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Time Will Tell, 3/30/14: Antiques: Something for everybody

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Gypsy’s Two Cents: At only 12 inches high, I see and smell a lot of shoes. Some sniffs are helpful, others I regret. I also have a list of favorite customers who pick me up and walk around the shop. Since I am in charge of security, which includes inventory control, this heightened perspective allows me to check on everything. Thanks, Margaret!

Are you looking for that special or unique gift? It could be for any event, or even a “just because.” Your local antiques shop carries such a wide variety that you will likely find it there.

Citrus County has been a retirement community for decades, and the result is an abundance of quality items at reasonable prices. There is a wide range of pricing, from a few dollars to hundreds and even thousands. Every day, dealers from out of county or even the state come in looking for those very deals. For example, a 1960 Hess toy truck No. 1 with the box may seem costly at $495, but do your research and you will discover this is a great deal.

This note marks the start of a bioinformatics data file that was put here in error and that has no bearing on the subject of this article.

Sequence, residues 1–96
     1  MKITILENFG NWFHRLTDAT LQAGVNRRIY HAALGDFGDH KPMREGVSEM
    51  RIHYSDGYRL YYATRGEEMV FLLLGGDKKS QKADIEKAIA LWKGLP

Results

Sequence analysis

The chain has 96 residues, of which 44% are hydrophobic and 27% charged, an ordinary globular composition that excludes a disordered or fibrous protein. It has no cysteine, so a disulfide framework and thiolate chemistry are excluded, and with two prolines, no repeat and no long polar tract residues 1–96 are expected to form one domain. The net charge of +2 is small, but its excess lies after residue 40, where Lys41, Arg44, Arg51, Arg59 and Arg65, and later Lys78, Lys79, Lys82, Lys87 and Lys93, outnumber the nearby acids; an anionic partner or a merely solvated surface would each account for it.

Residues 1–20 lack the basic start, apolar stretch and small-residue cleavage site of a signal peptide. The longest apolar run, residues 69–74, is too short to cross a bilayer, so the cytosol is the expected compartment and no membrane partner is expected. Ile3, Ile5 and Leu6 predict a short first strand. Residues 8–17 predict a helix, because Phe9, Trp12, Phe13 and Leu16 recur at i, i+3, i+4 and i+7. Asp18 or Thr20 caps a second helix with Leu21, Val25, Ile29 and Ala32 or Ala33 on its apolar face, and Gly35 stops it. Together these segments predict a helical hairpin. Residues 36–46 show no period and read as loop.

For the person who has everything, how about a gold plated toothpick?

When it comes to furniture, I accept antiques shops may not satisfy personal taste or style, but quality is hard to beat. Solid wood with dovetail joints made in the USA? Or veneers with staples made somewhere else? Let’s see …  easy choice. Even if you don’t find THE gift, I’m sure you will come away with great ideas. For your pleasure, there are a dozen or more antiques shops in Citrus County.

Here’s a story from Dick Lewis. To those people who think their items are not valuable enough to consider selling them, remember that bargains are found almost everywhere.

Let’s consider Martin, a retired postal worker who likes to dabble in antiques and haunts thrift stores looking for that something special. Just recently, he and his wife visited a local thrift store, where his wife was attracted to a unique-looking wood bowl.

Martin wasn’t impressed by his wife’s find. However, she made the purchase and brought it home. After a couple of days, he decided to give this bowl a closer look. After researching online and locally, much to his surprise, this wood bowl his wife purchased for $7 had a value of $5,500. In fact, one identical to their find sold at a Chicago auction for $9,300.

What happened to the bowl? I believe it made a trip to Chicago.

 

Steve Barnes owns and, along with his shop dog Gypsy, operates Olde Inverness Antiques.